If a great new advance in blockchain technology occurs, developers and Tezos token holders will be incentivized to implement those advances in the Tezos blockchain network. If there is someday one dominant blockchain network, that network will need to continuously implement cutting-edge developments in blockchain technology.

Tezos is currently the leading contender for a blockchain network that incentivizes improving the technology underlying the network itself. Tezos’s powerful governance structure is a big part of why Tezos raised a record setting $232 million in its initial coin offering in July, 2017.

Blockchain technology is often compared to the early internet. Despite the unprecedented gains found in Bitcoin and Ethereum, it may be that neither of them has the capacity to implement advances in blockchain technology fast enough to become the dominant blockchain network.

Think of all the value that is currently captured by centralized authorities—from the banking industry to music rights holder networks to the court system. If that value can be shared among participants in the dominant blockchain, then how much might the tokens that underlie the dominant blockchain be worth?

Disclosure: The author owns bitcoin, ethereum, Tezos tokens and assorted other digital assets. The author also has a small stake in Crypto Lotus LLC, a cryptocurrency hedge fund based out of the San Francisco Bay Area, and is an advisor at Green Sands Equity, both of which have positions in various digital assets. All opinions in this post are the author’s alone and not those of Singularity University, Crypto Lotus, or Green Sands Equity. This post is not an endorsement by Singularity University, Crypto Lotus, or Green Sands Equity of any asset, and you should be aware of the risk of loss before trading or holding any digital asset.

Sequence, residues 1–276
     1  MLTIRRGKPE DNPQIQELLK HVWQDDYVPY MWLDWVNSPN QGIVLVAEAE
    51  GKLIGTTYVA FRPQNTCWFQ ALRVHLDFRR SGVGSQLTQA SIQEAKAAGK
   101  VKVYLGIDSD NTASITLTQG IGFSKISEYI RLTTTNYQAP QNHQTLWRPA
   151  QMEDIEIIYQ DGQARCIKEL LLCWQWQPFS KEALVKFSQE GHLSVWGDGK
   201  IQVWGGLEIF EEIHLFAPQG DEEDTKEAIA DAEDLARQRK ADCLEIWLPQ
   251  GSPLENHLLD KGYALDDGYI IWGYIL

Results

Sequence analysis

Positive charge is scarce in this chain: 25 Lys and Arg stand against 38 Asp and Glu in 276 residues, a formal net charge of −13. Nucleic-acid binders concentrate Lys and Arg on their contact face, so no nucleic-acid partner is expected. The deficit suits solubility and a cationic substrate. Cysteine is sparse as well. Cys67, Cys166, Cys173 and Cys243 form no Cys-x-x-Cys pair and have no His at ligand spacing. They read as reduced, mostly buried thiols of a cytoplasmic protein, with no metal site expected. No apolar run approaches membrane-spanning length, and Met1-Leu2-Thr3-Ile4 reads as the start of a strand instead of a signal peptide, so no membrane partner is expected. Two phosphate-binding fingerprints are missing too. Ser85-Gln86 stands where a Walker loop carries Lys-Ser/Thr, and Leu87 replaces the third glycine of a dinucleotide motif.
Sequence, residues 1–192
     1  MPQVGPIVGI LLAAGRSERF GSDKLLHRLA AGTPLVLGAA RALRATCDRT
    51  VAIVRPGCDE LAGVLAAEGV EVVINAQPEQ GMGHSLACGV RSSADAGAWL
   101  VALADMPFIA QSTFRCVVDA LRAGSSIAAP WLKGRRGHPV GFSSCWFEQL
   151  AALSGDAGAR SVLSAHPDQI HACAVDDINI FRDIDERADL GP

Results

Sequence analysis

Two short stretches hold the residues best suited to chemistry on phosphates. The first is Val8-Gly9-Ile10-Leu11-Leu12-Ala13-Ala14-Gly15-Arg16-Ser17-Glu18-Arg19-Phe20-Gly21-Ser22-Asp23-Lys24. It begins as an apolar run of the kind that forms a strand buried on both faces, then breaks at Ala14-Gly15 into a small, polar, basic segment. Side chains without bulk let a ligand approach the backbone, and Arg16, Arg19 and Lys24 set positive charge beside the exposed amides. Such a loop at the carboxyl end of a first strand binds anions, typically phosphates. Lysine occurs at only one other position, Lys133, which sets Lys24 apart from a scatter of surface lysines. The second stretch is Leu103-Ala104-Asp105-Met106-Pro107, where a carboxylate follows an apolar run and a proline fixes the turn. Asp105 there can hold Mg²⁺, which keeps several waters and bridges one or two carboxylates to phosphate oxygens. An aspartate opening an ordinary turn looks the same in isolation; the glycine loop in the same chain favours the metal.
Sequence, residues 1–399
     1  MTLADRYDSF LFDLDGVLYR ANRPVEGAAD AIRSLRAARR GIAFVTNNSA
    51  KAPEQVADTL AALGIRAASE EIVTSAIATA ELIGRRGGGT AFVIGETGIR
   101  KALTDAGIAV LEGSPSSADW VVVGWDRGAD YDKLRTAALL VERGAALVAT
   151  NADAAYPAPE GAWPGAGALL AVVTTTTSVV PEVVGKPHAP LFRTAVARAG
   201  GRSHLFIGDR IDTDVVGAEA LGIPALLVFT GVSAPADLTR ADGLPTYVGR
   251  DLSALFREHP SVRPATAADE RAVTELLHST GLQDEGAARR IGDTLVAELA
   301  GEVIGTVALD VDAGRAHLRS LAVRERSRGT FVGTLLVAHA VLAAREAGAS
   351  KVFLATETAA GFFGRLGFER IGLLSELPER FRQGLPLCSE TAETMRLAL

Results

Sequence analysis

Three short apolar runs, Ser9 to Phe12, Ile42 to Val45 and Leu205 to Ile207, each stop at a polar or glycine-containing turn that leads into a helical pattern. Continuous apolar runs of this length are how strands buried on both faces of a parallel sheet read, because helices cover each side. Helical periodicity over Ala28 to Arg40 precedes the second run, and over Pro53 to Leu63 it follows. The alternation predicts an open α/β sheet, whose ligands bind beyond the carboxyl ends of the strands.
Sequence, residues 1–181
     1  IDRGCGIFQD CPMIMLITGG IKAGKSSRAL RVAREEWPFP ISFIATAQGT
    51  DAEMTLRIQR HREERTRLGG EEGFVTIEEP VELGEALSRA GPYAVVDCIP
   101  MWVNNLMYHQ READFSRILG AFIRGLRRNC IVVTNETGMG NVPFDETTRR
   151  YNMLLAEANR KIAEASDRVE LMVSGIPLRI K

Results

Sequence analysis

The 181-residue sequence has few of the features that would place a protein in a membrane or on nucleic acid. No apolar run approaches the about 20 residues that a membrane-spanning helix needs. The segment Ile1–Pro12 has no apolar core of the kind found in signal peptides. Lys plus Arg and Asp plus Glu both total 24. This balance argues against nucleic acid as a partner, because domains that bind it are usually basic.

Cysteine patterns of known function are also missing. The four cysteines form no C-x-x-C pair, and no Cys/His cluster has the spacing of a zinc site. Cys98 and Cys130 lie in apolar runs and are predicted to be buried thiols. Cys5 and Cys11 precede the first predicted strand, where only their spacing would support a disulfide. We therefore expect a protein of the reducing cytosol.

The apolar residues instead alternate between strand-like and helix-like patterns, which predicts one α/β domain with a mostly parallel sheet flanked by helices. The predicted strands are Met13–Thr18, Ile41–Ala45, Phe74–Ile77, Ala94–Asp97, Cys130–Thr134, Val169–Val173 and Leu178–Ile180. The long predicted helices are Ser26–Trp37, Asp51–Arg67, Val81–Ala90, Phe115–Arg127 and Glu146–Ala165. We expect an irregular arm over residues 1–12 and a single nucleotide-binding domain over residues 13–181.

Image Credit: enzozo /

Nathana Sharma
Nathana Sharma
Nathana O’Brien Sharma is faculty at Singularity University in artificial intelligence, blockchain technology, and the future of law and governance. Nathana is general counsel at Labelbox, a leading artificial intelligence software company backed by Andreeson Horowitz, Kleiner Perkins, First Round, and Gradient, Google’s AI focused venture fund. She advises companies and governments on the application of blockchain technology and artificial intelligence. Nathana worked as an intellectual property associate at Gunderson Dettmer, a leading emerging company and venture capital law firm. She has also worked at the Israeli Supreme Court and the Center for Creative Technologies. Nathana is a JD/MBA graduate of Yale Law School and the Yale School of Management, as well as Singularity University’s 2012 Global Solutions Program.
Don't miss a trend
Get Hub delivered to your inbox